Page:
One of the most celebrated feasts of the Armenian Church is the day when the Cathedral of Holy Etchmiadzin was established, according to the inspired vision of St. Gregory the Illuminator.
According to tradition, and hagiographic sources, following the declaration of Christianity as the Official Religion of Armenia in 301 AD, St. Gregory has a famous vision, wherein the Only Begotten Son of God – Jesus Christ, descends from Heaven, his face lit aglow, and with the strike of a golden hammer designates the site where the Mother Cathedral for the entire Armenian nation is to be founded. Hence, the name of the spiritual center for the Armenians, “Etchmiadzin”, means “the Descent of the Only Begotten” (Etch - descent, mi - only, dzin - begotten.)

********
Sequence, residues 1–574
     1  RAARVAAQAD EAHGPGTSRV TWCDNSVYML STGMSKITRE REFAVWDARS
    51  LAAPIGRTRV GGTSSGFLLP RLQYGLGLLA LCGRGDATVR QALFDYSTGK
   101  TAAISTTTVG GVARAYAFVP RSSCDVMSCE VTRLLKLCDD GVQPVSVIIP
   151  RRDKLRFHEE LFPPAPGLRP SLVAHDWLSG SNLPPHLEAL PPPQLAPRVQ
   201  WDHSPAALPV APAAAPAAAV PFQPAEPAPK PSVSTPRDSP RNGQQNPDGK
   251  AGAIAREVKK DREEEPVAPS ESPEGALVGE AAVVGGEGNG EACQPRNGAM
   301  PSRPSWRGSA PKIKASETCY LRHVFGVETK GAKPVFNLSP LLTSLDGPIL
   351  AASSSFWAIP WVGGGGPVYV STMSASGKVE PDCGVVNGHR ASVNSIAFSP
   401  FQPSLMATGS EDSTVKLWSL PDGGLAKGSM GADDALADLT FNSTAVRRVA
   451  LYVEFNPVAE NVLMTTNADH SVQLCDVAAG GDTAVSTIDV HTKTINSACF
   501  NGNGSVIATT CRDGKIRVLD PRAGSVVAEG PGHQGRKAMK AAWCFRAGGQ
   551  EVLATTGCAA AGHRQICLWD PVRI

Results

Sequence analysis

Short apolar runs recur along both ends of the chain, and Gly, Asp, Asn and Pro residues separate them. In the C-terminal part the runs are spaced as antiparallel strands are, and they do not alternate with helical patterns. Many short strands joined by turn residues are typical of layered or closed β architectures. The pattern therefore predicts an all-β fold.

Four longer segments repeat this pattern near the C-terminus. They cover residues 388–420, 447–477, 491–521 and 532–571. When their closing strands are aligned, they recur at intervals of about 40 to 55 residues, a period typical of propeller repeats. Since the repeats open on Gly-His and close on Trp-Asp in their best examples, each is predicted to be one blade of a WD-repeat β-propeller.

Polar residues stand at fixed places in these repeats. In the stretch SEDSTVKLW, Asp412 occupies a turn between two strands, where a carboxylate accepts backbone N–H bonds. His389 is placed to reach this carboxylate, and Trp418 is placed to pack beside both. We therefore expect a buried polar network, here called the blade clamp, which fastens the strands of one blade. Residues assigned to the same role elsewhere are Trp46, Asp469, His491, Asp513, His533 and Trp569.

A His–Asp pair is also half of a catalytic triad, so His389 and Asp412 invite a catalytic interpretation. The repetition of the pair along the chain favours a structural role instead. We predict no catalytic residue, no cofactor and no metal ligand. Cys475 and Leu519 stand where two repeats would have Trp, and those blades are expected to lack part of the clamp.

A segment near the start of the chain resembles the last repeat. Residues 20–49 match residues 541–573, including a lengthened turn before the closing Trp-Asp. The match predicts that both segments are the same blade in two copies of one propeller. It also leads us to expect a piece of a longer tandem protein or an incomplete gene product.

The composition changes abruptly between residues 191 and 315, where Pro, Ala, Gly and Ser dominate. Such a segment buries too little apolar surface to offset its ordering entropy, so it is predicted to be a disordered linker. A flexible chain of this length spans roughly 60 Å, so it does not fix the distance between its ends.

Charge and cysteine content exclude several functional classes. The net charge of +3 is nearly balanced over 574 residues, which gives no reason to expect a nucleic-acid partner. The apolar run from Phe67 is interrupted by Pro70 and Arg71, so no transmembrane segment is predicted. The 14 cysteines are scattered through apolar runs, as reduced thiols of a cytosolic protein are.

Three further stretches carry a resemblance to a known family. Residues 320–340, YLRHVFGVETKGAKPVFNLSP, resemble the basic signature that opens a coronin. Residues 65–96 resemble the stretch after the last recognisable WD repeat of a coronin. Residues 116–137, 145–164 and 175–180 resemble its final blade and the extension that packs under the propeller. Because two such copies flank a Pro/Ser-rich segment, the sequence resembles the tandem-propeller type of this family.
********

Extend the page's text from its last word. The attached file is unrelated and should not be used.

St. Gregory relayed the story about his vision to the Armenian King Tiridates, under whose royal auspices and support the Cathedral of Holy Etchmiadzin was built. King Tiridates and Queen Ashkhen participated in the construction, as did the entire capital city of Vagharshapat by bringing stones from the biblical mountain of Ararat to lay the foundations. In the site marked by Christ, a Holy Altar of Descent was built.
According of Patriarch Malachia Ormanian, from the days of her establishment, the Cathedral of Holy Etchmiadzin has been the residence of the Supreme Patriarch and Catholicos of All Armenians. Thus, it is the Mother See of the Armenian Church, and as such, her universal, spiritual and administrative headquarters.
Another title bestowed upon the cathedral is “Catholic” - not to be confused with the Roman Catholic faith. Catholic is a Greek word meaning “Universal”. Theologically, the cathedral has been called “catholic” as a description of the catholicity (universality) of the Church.
The feast of the Cathedral of Holy Etchmiadzin is celebrated 64 days following Easter. A Divine Liturgy is celebrated, and during services, a special hymn is sung, written by the eighth century Catholicos Sahak of Dzorap, telling of St. Gregory’s vision and the Cathedral’s construction.